Help with the Holidays: 5 tips for big gatherings
November 21, 2018

It’s the time of year when we demonstrate our appreciation for the wonderful people in our lives.  That usually involves a lot of parties and big gatherings.  Despite the overall enjoyment of these events, for our loved ones on the spectrum, parties can be extremely difficult.  Here are 5 ways we can make the holidays pleasant for all.

Help with the Holidays: 5 Tips

 1) Plan to Leave Early

With so much to see, hear, and smell, in addition to the abundance of people, it is easy to become overstimulated at a party.  Limiting the time someone with ASD experiences excessive sensory input will help with the holidays. As a result, it is exhausting, and maybe even painful, for someone with autism to deal with the enveloping chaos of a party.  Interacting with partygoers adds an additional level of challenge. With these challenges in mind, plan to leave while everyone is still feeling good. Having a good time at a previous party will increase the opportunities for success at the next one, as well as increasing the likelihood of another invitation from the host of the party.

2) Bring foods they will enjoy

Being in a new environment with lots of social interaction is a difficult task.  Feeling hungry and/ or thirsty makes interacting even harder.  Bring foods your loved one will enjoy, in case there are no foods they will eat at the party. They will be satisfied and better able to handle whatever unexpected challenges occur. You can tackle the food sensitivities another time.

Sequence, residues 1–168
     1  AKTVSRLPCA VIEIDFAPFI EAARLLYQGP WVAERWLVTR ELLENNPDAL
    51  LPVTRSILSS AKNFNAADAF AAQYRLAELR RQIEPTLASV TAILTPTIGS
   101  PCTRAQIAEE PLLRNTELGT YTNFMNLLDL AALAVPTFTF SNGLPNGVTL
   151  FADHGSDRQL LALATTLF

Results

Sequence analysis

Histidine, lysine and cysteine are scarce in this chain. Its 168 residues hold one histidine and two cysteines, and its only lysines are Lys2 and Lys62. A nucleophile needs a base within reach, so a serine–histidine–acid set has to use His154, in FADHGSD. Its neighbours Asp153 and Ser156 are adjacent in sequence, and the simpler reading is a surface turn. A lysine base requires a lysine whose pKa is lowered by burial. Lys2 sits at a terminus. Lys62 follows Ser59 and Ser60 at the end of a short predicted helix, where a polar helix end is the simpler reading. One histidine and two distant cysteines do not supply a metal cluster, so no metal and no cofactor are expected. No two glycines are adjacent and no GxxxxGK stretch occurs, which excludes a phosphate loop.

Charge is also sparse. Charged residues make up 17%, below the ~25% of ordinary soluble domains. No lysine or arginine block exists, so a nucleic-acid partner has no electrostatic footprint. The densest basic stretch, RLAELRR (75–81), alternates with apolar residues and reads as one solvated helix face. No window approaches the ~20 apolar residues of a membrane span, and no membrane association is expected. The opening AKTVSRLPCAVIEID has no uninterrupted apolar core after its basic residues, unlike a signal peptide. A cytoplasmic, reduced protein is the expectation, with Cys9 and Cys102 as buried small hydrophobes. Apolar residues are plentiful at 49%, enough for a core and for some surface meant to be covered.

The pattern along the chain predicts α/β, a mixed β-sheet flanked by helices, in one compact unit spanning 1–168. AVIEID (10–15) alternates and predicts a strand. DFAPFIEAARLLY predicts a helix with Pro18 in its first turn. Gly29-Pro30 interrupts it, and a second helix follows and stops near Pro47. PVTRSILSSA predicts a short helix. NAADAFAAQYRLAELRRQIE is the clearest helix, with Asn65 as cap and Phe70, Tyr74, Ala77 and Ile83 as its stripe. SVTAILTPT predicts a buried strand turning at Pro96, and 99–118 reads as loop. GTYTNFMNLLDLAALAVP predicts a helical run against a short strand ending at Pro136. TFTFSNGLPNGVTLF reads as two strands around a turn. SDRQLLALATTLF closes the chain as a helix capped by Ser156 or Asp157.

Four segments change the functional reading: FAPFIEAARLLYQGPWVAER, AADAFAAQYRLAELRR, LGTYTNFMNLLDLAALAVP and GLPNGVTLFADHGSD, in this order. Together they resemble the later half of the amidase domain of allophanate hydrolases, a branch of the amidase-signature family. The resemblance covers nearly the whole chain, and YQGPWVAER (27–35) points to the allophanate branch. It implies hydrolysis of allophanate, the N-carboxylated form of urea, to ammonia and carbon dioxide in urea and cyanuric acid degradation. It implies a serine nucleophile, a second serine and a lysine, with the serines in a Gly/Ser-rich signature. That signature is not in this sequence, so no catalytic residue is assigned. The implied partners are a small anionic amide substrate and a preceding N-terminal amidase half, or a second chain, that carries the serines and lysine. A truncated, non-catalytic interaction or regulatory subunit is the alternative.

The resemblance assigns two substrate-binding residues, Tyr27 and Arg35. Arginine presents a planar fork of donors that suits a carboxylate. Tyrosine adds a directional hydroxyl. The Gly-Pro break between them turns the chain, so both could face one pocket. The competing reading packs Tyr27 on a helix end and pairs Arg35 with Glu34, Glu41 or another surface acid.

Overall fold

3) Have a schedule, write it down, and follow it 

Make the party as predictable as possible.  Knowing when an activity will end makes it easier to self- regulate. Schedule breaks and enjoyable activities throughout the party.  *Remember, too many fun things can be as overwhelming as too many challenges.

4) Assign a place to relax

Discuss with the host, before the party, where your loved one can go if they need some peace and quiet. Then once you arrive, before doing anything else, show them where they can relax, if needed.

5) Prepare the hosts/ friends/ family for your loved one’s needs

Ahead of the party, talk to the host and explain that the goal for your loved one is to attend the party and have fun. Explain that you will need to leave earlier than expected, bring food for them, and have a quiet area available.  Your host wants you to have a pleasant experience or they would not have invited you.  Give them the opportunity to help with the holidays and have fun!

Happy Holidays!

Rebecca J Weaver is a Certified Autism Specialist at Independent with Autism, working to empower individuals with ASD.  Need more help with the holidays? Check out IndependentwithAutism.com for more information.